"For about a year, Macs have been shipping with a fancy new port on the side called Thunderbolt. We're just on the cusp of seeing this new port on Windows-based PCs, too. What exactly is Thunderbolt, and should you make sure your next computer has it?"
Got about 3 minutes to spare? Then read this article and get the down and dirty about Thunderbolt.
"A Software Update for Thunderbolt was just one of many Apple releases that went public yesterday, but unlike the rest, you should be in no hurry to pick this one up. Many users who have installed the update are reporting that it is causing boot failures and more on their Mac."
Well, if you haven't downloaded it, you might want to hold off until they fix this problem.
"From most angles, Apple's new 27-inch Thunderbolt Display looks just like the 27-inch LED Cinema Display released last year. However, if you take a closer look at what the Thunderbolt Display has to offer, you'll find a display that's ideal for owners of the Thunderbolt-equipped MacBook Air."
This isn't the only review of the new display, as AnandTech also has a pretty in-depth one available here. As I've said before on these pages, this is definitely on my want list and once I get a new MacBook Air with Thunderbolt it will be my next purchase. 4 out of 5 mice with this review from MacWorld, which is brief and to the point, but I kind of like that.
"The Thunderbolt-compatible displays Apple announced back in July have reportedly started shipping out to stores and retailers. MacRumors reported that the displays shipped this week, and should hit shelves very soon. Electronista has heard that shipping to customers will start up on September 15, which is a little later than the original "60 days" we were promised. But late is better than never, right?"
One of these bad boys is on my Christmas list, keeping my fingers crossed. If you have ordered one, you should be getting notification soon about shipping date.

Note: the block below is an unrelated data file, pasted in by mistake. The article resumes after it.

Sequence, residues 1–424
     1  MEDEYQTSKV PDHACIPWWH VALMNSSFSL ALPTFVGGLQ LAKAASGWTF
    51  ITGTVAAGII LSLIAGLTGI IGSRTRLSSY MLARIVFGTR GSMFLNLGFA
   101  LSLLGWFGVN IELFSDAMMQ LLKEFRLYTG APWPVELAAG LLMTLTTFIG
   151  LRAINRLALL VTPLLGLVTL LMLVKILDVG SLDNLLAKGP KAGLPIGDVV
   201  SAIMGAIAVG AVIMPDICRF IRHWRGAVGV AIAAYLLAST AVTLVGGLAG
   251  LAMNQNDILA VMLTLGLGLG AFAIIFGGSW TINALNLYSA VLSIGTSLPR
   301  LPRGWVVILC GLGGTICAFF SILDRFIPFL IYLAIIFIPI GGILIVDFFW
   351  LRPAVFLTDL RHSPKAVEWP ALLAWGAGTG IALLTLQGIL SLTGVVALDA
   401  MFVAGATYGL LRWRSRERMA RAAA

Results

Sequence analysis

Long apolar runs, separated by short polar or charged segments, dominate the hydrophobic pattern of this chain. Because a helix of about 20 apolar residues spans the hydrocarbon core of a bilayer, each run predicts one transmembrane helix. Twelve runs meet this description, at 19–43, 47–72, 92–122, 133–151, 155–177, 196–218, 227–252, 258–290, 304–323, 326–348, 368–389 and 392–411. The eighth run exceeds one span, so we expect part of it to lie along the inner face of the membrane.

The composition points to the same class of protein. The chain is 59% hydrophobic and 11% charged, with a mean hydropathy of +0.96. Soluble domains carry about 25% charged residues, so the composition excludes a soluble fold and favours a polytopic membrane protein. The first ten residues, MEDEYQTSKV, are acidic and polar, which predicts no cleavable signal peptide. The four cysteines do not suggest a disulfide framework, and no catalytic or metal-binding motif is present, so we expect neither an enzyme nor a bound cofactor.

"Apple has leaked an upcoming LED Cinema Display on its website that boasts a Thunderbolt connection. The new display looks exactly like the current model, but features Thunderbolt I/O technology on the back."
If you have a need for speed, this is going to tickle your fancy.
"The folks over at Macworld got one of the new Pegasus R6 RAID systems in for testing and put it through its paces. The testing proved to be a huge win for Thunderbolt, which showed a massive improvement over FireWire 800 and just decimated USB 2.0."
That is a crazy jump in improvement over FireWire 800 and USB 2.0 doesn't even come close. You can see the full results at Macworld but from the chart above, there doesn't seem to be any question that Thunderbolt is the clear winner.
"Apple’s refresh of the MacBook Air last fall did much to improve the fortunes of the company’s ultra-slim notebook. With its next iteration, it could be getting ready to step into the spotlight as the quintessential Mac computer. That update is on the way soon, according to a new report, and I’d be surprised if we didn’t see it arrive right alongside the operating system that seems tailor-made for it: OS X Lion."
According to unconfirmed reports, Apple has ordered at least 400,000 new MacBook Air models, with Intel's new Sandy Bridge processors inside. Sounds like Apple is not content to let a handful of Windows manufacturers offers a MBA-like footprint, far superior capacity and performance, and comparable prices. The new platform will offer Sandy Bridge processors, potentially thunderbolt port(s), upgraded storage capacity, and faster (and larger?) SSDs. Expectations are that the Air will be the platform to highlight the capabilities of the Lion OS. I've also heard other unconfirmed rumors that the new generation will be announced sometime this week. Now we wait and see ...